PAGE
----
At the conference, which was held last July, the Commission established a list of enforcement priorities that is now receiving the greatest share of our enforcement resources. The types of violations included within the high-emphasis group that our enforcement staff is currently focusing upon are: antitrust, ethics, fitness/safety, household goods, illegal lumping, insurance, kickbacks, overcharges/duplicate payments and c.o.d., owner-operator problems, unauthorized passenger carrier operations, and weight-bumping.

The Commission has also given the enforcement staff clear guidance that marketplace solutions are to be encouraged when feasible. The statutory violations that come within the Commission's jurisdiction should be pursued.

Also, in line with the recommendations of the General Accounting Office, the data system which stores enforcement case information and resource use has been upgraded and the standards for measuring the effectiveness of our enforcement activities have been revised.

The results of our enforcement work during the first quarter of fiscal year 1985 indicate that the changes made have improved our enforcement program. During the first quarter of this fiscal-year, over 85 percent of the investigations and litigative actions concluded were cases dealing with high emphasis violations.

In fact, over 60 percent of the investigations and litigative cases involved the failure of carriers to maintain insurance at the required level. Without any question, this kind of case is extremely important in view of the threat posed to the public by uninsured passenger or property carriers operating over the highways.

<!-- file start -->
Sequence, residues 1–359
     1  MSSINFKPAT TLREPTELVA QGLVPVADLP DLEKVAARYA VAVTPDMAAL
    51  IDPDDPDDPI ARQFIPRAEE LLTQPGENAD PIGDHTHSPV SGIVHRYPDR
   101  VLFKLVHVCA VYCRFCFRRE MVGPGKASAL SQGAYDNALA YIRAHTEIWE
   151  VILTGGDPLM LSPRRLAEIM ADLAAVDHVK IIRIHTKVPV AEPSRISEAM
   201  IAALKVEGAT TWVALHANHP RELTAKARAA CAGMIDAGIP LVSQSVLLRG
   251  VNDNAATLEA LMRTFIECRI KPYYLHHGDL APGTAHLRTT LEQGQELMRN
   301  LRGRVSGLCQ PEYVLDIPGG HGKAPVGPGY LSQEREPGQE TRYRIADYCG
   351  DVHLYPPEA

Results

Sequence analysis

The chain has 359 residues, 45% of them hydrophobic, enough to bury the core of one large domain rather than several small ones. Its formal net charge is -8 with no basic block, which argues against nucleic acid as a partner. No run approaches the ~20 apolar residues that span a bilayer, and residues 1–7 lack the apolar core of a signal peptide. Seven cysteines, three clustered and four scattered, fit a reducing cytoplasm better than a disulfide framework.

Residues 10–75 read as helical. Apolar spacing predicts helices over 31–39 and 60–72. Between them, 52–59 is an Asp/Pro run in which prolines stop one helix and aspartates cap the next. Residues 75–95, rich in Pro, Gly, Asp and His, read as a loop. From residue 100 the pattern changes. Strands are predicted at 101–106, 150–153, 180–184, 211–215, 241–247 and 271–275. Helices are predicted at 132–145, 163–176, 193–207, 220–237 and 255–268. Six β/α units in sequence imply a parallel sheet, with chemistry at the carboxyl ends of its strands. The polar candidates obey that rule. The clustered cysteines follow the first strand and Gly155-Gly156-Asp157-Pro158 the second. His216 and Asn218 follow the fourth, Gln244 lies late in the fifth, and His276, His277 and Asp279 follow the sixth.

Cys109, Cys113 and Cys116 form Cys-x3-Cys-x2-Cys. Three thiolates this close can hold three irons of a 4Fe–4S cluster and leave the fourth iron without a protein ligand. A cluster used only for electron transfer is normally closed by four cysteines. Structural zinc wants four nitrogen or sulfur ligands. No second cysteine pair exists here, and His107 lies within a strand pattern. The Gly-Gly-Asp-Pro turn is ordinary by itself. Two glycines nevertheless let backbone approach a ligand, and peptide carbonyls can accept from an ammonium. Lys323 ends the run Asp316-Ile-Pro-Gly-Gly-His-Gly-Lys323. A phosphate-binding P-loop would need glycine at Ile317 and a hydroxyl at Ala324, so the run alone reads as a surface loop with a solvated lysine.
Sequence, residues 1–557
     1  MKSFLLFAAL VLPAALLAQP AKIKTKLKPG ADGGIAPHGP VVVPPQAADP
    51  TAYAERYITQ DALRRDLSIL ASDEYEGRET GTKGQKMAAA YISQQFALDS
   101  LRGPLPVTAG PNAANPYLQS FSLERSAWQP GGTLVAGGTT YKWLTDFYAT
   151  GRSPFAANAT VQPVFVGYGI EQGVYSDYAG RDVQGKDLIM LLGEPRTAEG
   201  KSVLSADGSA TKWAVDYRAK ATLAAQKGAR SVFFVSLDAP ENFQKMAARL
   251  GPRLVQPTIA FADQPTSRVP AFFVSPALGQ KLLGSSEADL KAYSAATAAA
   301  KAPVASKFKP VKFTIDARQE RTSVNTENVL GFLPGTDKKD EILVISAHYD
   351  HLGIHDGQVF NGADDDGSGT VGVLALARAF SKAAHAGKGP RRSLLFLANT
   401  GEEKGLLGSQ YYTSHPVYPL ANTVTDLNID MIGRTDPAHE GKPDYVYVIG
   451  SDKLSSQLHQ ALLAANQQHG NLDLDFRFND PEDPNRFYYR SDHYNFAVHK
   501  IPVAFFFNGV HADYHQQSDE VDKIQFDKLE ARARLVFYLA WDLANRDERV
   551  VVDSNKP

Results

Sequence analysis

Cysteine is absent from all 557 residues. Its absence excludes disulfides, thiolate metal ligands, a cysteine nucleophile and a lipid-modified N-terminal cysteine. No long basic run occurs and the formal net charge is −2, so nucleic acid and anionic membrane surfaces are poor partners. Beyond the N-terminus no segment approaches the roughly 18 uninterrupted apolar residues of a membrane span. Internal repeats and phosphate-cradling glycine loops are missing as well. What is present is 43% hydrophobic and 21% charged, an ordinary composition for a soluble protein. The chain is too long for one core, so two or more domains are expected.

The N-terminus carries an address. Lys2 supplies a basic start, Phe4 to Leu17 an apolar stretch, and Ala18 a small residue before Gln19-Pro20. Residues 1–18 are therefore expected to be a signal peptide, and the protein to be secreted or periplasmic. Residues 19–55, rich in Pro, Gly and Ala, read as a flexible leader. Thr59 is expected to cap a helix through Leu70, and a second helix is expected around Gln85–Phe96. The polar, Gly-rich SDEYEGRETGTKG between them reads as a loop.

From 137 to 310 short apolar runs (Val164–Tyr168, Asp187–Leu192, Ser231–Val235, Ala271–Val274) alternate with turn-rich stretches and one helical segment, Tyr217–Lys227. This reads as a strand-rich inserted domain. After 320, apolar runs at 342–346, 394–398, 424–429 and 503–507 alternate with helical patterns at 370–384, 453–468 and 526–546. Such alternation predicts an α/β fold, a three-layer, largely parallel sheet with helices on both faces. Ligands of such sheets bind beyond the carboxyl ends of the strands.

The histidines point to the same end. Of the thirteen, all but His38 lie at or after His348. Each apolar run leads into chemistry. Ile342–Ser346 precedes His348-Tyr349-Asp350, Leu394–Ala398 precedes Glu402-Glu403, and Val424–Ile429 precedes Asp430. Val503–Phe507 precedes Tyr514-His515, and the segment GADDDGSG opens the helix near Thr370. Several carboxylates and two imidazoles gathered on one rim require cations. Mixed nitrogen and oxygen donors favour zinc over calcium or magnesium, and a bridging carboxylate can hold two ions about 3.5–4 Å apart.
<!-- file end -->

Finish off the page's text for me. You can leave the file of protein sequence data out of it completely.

I think you would also be interested in some recent figures on revocation of motor carrier operating authorities. During the first 5 months of fiscal year 1985, the Commission has revoked 844 operating licenses through our insurance monitoring program, and of the 844 revocations, 657 were revoked involuntarily because the carriers lacked insurance. The other 187 were revoked at the request of the carriers.

We believe these measures demonstrate that the Commission intends to maintain an adequate enforcement program.

PUBLIC MEETINGS

Also, the Commission has responded to this subcommittee's concerns, not only in the enforcement area but in other areas as well. Last year, questions were raised about the frequency of public meetings of the Commission. As a result, shortly after last year's hearing, a new rule was adopted regarding the convening of public meetings to decide upon specific matters of major transportation importance. To demonstrate what has occurred during a few months under the new rule, as compared with the nearly 3 years that preceded adoption of the rule, an exhibit has been prepared which I would like to have included in the record.